Learn for America? American Studies in the College Classroom, 194560

Saturday, January 5, 2019: 11:10 AM
Water Tower Parlor (Palmer House Hilton)
Mario Rewers, Vanderbilt University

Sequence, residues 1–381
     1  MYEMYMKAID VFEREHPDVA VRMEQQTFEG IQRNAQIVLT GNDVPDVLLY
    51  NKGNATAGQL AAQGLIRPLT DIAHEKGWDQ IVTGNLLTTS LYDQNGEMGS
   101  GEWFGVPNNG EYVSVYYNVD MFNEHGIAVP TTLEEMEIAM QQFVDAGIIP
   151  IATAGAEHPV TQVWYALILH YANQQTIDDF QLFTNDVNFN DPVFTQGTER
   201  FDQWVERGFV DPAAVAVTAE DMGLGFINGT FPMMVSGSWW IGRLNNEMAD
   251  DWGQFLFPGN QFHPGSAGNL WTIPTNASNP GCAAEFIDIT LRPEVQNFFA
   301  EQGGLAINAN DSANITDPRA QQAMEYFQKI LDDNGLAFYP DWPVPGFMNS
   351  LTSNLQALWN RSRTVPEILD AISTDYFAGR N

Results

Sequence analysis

This paper examines how undergraduate students responded to the proliferation of American Studies programs between the end of World War II and the beginning of the 1960s. Traditionally, this period has been viewed as one of conformity and consensus, and American Studies has often been interpreted as a tool in the cultural Cold War, meant to sell “the American way” abroad while combating “foreign ideologies” at home. But what did students actually take away from their classes in American Studies? And how did they in turn shape them? Based on extensive research in university and college archives, my paper reconstructs what kinds of courses students took, which books they read, what their examinations consisted of, and what they thought they were supposed to learn. By using documents such as student newspapers, alumni magazines, and course critiques, I create a disciplinary history from below—a history that focuses not on exceptional thinkers and great books but on ordinary students and their ideas. Foregrounding both the critical and playful ways in which students responded to their lecture courses and seminars, my paper makes a case for taking seriously the power of students to appropriate ideas, shape academic programs, and influence disciplinary practice.
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